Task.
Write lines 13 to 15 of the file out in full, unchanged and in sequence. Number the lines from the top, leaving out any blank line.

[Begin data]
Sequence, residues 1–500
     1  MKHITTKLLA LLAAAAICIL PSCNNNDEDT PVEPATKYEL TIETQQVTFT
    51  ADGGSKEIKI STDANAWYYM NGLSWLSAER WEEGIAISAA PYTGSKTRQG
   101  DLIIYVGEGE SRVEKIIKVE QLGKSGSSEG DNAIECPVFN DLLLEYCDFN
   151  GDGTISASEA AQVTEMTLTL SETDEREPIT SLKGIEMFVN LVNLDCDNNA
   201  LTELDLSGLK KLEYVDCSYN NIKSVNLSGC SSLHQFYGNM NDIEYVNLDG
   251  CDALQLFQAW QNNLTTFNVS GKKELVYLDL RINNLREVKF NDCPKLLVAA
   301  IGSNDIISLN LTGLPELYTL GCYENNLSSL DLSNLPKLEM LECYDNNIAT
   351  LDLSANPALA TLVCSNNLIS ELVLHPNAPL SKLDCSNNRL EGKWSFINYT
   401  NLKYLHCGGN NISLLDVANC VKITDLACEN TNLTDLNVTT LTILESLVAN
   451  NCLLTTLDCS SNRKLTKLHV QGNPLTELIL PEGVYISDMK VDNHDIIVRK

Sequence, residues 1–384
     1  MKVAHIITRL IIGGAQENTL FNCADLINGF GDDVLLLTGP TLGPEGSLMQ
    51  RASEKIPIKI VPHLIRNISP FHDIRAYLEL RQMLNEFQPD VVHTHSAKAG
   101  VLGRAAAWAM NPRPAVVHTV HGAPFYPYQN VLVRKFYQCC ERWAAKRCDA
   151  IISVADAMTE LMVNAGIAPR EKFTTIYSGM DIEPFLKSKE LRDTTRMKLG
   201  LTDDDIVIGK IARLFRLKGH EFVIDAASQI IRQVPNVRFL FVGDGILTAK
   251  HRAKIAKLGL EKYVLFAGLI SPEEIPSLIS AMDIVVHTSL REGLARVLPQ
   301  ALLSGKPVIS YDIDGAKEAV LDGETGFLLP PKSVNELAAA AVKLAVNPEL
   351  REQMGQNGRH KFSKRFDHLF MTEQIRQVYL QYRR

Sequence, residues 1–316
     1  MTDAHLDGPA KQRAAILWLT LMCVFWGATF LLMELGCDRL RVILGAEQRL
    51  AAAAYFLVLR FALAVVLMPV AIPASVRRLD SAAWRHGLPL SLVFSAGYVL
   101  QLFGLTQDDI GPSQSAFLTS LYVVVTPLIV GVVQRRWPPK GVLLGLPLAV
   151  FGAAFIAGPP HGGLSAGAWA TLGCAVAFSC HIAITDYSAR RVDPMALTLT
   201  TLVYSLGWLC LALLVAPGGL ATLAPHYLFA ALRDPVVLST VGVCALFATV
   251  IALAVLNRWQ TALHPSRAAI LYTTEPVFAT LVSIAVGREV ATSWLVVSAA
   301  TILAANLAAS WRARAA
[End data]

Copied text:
     1  MKVAHIITRL IIGGAQENTL FNCADLINGF GDDVLLLTGP TLGPEGSLMQ
    51  RASEKIPIKI VPHLIRNISP FHDIRAYLEL RQMLNEFQPD VVHTHSAKAG
   101  VLGRAAAWAM NPRPAVVHTV HGAPFYPYQN VLVRKFYQCC ERWAAKRCDA